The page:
Hironobu Sakaguchi, a designer at Square (the company who developed Final Fantasy), was essentially creating what he saw as a magnum opus. After his lack of success with previous Square titles (nearly leading to its bankruptcy), this was his final attempt to live out his fantasy of developing games.
Though often attributed to the company ...
No, Lavender Town Syndrome (LTS) is not real. It is an urban legend. Unfortunately, the internet loves itself a good urban legend, and determining truth from fiction (especially for an event from 1996) can be very difficult. This phenomenon was never mentioned on the anime itself, and did not really become well known until sometime around 2010.
What really ...
I recently read this Destructiod article detailing why Sakaguchi decided to call the game Final Fantasy.
The article states that he wanted to use the abbreviation "FF" because it rolls off the tongue nicely in Japanese.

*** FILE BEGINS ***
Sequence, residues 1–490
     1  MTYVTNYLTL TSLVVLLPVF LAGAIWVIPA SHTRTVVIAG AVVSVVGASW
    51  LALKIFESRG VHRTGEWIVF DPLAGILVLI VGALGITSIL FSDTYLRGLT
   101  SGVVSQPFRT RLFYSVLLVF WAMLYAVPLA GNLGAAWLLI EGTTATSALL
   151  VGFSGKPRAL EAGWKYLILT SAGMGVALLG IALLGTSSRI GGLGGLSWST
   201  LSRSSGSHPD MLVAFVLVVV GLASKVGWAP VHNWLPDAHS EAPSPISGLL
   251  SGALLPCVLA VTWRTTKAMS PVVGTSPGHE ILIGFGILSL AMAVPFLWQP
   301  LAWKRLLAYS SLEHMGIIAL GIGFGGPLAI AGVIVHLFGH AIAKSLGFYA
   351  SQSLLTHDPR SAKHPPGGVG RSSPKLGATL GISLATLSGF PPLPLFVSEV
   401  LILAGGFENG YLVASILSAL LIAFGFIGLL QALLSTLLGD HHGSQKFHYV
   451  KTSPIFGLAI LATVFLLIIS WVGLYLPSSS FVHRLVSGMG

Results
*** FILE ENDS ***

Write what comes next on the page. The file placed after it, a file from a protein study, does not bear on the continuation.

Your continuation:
According to Sakaguchi, the team wanted a title that had a simple abbreviation in the Roman alphabet (FF) and a four-syllable ...
I spent a few hours diving. Here are the shiniest pearls I hence doth bequeath thee:
Lolita was the first anime-styled visual novel, as asked.
The Portopia Serial Murder Case was the first visual novel, but I argue that its visual style deliberately mimicked US games of the era.
Taking the question a little differently for extra style points: Dragon Knight ...
K9999 won't appear in any future games because
SNK hates the character
He is a liable lawsuit in which the creators of Akira could sue SNK Playmore
Elioth, a Korean company helped co-create King of Fighters 2001 and owns the rights to him
He was replaced in KoF 2002 Unlimited Match with a character called "nameless" who looks like Black Jack from the ...
and K9999 (pronounced K Four-Nine), a clone from Kyo entirely based on Tetsuo Shima from Akira, able to transform his arm into a long tentacle like Tetsuo's. Due to copyright issues, for the King of Fighters 2002 remake he was replaced with a similar character.
but gives no sources.
Yes, the Strider Hiryu manga is canon.
The manga series was created by the artist group, Moto Kikaku, in collaboration with Capcom. Since Capcom is credited with the game's creation, the collaboration result with the creator is considered canon.
The manga was serialized from May to October 1988, while the first Strider Hiryu game, Strider (CPS-1) was ...